Shôn Ffowcs Williams was admitted to his Professorial Fellowship at Emmanuel in 1973; he was the longest-serving professor in the University when he retired from his chair in 2002. He taught engineering for the College but, before becoming Master his main College contribution was serving on the Governing Body and its committees, particularly those concerning Work and Stipends, Finance and Investments, Wine and the Fellowship. He used to enjoy playing bowls after lunch in the Fellows’ garden and hopes for a revival in the popularity of that game.
He was the first holder of the Rank Chair of engineering established in 1972 in the field of Acoustics, coming to Cambridge from Imperial College London, where he held the Rolls-Royce Chair in theoretical Acoustics. His speciality was noise and vibration caused by unsteady flow. His main achievement was to persuade very good research students to tackle important but interesting problems which ranged from the aeroacoustics of supersonic flight, to the quietening of underwater platforms. His work helped make anti-sound useful for noise control and for stabilising unstable aeromechanical systems. He was prominent in the Concorde programme for directing the research to control its takeoff noise.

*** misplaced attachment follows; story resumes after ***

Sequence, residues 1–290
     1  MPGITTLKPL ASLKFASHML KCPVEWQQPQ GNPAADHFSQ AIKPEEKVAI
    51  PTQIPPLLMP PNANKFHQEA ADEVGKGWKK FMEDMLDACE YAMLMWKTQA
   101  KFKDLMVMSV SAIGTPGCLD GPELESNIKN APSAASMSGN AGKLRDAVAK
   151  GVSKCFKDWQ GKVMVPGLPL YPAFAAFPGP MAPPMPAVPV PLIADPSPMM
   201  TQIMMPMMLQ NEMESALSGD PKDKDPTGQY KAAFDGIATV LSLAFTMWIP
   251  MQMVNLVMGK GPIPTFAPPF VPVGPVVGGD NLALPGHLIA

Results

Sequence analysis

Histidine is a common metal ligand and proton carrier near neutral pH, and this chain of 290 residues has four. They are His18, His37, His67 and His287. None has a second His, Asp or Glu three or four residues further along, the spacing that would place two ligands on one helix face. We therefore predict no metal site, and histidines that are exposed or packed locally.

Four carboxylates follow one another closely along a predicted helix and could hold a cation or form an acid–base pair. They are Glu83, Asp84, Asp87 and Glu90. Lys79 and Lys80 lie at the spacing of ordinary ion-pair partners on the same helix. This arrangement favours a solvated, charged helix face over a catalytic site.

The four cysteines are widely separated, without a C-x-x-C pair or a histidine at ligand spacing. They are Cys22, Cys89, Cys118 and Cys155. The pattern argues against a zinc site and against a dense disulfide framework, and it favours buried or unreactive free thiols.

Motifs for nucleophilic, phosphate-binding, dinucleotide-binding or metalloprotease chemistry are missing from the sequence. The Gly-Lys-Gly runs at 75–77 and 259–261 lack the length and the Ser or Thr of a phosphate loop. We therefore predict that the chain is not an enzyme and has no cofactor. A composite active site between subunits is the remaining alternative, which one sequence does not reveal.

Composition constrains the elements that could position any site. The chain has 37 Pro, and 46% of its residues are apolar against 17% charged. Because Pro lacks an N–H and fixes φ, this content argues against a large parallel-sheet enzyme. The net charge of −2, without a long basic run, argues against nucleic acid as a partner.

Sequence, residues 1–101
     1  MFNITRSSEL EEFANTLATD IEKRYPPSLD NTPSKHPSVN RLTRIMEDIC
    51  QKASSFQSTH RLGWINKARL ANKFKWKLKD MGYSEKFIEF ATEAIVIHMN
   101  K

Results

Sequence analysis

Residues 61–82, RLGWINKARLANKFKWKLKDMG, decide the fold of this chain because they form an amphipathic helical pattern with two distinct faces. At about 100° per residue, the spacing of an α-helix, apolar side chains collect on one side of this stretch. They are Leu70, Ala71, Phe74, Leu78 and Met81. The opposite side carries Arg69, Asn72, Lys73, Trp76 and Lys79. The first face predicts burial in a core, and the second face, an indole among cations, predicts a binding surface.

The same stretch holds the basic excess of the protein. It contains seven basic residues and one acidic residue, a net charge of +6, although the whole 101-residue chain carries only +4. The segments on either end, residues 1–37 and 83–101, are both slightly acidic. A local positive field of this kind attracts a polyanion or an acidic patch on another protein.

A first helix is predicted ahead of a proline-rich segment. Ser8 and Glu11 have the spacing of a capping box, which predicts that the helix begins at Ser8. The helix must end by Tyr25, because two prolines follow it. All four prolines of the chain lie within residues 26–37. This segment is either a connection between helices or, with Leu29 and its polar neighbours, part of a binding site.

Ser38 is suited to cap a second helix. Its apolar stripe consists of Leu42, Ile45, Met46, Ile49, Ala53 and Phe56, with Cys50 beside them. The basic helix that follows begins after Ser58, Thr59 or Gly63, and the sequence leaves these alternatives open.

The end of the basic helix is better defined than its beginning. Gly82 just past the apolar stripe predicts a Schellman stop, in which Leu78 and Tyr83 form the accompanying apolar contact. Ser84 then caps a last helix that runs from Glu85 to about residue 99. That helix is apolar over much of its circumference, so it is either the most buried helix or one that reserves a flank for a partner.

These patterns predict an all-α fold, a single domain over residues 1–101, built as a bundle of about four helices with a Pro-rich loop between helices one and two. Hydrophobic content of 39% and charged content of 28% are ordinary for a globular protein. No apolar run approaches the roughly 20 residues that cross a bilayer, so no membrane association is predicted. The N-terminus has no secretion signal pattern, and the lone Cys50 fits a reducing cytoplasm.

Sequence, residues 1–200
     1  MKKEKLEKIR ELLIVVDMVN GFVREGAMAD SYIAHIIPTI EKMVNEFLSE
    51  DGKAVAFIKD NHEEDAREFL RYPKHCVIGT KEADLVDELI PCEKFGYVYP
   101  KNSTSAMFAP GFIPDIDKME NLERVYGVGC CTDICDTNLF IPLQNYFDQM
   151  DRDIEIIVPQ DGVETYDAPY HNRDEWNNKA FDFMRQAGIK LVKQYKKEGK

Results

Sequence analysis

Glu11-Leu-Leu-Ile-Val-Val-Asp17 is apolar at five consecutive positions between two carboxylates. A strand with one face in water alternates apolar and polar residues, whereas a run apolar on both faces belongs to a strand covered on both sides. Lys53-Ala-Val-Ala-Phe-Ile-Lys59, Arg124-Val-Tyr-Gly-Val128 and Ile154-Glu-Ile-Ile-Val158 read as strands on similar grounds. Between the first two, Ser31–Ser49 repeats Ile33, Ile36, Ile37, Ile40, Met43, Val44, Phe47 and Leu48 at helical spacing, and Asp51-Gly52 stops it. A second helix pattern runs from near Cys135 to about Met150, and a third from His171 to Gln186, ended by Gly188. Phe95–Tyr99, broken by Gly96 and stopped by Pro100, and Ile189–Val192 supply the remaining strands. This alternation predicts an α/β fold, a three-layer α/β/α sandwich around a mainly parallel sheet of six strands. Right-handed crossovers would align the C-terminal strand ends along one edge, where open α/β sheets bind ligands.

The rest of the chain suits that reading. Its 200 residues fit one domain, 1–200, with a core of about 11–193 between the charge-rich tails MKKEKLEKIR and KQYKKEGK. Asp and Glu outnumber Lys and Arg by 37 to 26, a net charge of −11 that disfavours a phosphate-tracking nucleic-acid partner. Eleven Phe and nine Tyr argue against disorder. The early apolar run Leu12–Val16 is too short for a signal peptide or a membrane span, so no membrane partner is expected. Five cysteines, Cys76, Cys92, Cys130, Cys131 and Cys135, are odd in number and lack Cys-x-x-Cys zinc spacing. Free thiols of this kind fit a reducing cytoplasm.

Born in Wales in 1935, schooled in England and serving an Engineering Apprenticeship with Rolls Royce before going to the University of Southampton, he always maintained a strong commitment to bring academic research to bear on industrial problems. He cofounded Topexpress Ltd, a consultancy company in Cambridge specialising in engineering science, was executive consultant to Rolls Royce and a director of VSEL plc.
For 25 years he led the division in which Cambridge University’s Fluid Mechanics, Aeronautics, Thermodynamics and Turbomachinery work is concentrated.
Money spinner or loopy idea? A tabletop synchrotron claimed to generate unusual radiation could transform communications and radar systems. But critics say it is based on flawed science.(Physics)
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